Amazon announced 26 new utility-scale wind and solar energy projects on Thursday totaling 3.4 gigawatts (GW) of electricity production capacity, bringing its total investment in renewable energy in 2020 to 35 projects and more than 4 GW of capacity.
These new projects will make Amazon the largest-ever corporate purchaser of renewable energy. They will also help advance Amazon’s goal of reaching net-zero carbon emissions across its business by 2040. Part of that commitment is powering the company’s infrastructure with 100 percent renewable energy, and Amazon is now on a path to achieve this milestone by 2025, five years ahead of the initial 2030 target.
“Amazon is helping fight climate change by moving quickly to power our businesses with renewable energy,” Jeff Bezos, Amazon founder and CEO, said. “With a total of 127 solar and wind projects, Amazon is now the biggest corporate buyer of renewable energy ever…This is just one of the many steps we’re taking that will help us meet our Climate Pledge.”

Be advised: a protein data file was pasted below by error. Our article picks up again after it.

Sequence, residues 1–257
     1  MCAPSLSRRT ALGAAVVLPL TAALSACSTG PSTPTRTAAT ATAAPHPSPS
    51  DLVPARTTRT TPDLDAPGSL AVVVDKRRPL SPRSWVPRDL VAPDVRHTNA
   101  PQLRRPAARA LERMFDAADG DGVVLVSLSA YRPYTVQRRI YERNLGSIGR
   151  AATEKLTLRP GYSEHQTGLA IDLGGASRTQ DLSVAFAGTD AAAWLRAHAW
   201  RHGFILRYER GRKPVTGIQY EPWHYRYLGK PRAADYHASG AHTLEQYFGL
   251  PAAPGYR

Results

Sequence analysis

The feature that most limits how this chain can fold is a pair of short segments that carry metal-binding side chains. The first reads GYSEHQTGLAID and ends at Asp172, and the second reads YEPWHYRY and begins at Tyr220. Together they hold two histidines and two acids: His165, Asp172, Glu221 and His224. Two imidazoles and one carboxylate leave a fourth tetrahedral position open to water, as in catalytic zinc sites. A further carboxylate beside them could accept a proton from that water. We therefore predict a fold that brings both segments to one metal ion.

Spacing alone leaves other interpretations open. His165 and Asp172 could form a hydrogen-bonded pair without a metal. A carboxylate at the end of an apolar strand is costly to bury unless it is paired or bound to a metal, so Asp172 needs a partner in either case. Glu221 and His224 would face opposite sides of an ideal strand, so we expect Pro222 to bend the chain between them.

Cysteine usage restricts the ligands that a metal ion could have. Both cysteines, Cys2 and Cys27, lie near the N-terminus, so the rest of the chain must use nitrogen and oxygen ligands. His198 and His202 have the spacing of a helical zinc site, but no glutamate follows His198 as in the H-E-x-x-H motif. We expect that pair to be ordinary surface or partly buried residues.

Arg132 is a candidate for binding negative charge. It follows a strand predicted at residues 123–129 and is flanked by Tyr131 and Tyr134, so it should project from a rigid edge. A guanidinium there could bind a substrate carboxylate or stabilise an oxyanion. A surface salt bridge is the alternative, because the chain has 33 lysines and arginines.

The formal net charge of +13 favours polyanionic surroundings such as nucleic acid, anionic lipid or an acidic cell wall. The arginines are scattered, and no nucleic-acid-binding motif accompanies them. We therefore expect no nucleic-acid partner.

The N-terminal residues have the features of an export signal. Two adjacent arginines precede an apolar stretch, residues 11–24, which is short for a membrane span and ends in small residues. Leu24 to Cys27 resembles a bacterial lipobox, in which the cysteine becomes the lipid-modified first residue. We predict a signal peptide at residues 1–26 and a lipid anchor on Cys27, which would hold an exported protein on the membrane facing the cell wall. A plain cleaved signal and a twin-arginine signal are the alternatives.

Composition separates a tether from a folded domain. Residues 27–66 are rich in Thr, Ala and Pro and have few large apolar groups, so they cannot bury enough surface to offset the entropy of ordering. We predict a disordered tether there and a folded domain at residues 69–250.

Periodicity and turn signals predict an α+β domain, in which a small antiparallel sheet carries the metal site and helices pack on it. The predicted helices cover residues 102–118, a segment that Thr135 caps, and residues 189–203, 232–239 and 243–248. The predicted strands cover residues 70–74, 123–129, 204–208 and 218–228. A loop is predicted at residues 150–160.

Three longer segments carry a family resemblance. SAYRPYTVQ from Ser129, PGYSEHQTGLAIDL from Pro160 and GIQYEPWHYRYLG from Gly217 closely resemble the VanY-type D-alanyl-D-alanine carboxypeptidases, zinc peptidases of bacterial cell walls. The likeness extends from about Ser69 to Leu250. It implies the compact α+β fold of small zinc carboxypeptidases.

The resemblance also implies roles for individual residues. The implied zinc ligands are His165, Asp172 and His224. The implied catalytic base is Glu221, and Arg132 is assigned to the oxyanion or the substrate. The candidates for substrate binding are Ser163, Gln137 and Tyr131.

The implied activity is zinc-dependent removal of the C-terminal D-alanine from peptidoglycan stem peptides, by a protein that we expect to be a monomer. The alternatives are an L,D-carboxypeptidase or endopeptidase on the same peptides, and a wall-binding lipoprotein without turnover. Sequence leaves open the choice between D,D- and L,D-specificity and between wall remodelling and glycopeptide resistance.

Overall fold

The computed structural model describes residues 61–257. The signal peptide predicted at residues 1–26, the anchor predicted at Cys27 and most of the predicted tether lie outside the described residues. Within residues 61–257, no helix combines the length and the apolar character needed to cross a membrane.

The 26 new wind and solar projects are located in Australia, France, Germany, Italy, South Africa, Sweden, the U.K. and the United States. In the U.S., Amazon has now enabled wind and solar projects in California, Delaware, Illinois, Indiana, Kansas, Kentucky, Nebraska, North Carolina, Ohio, Texas and Virginia. The company has 127 renewable energy projects globally, including 59 utility-scale wind and solar renewable energy projects and 68 solar rooftops on fulfillment centers and sort centers around the globe.
Amazon’s total renewable energy investments to date will supply 6.5 GW of electricity production capacity, enough to power 1.7 million U.S. homes for one year.
Last year, Amazon and Global Optimism co-founded The Climate Pledge, a commitment to reach the Paris Agreement 10 years early and be net-zero carbon by 2040. The pledge now has 31 signatories, including Unilever, Verizon, Siemens, Microsoft and Best Buy.
To reach its goal, Amazon said it will continue to reduce emissions across its operations by establishing a path to power its operations with 100 percent renewable energy, delivering its Shipment Zero vision to make all shipments net-zero carbon, with 50 percent net-zero carbon by 2030, and purchasing 100,000 electric delivery vehicles.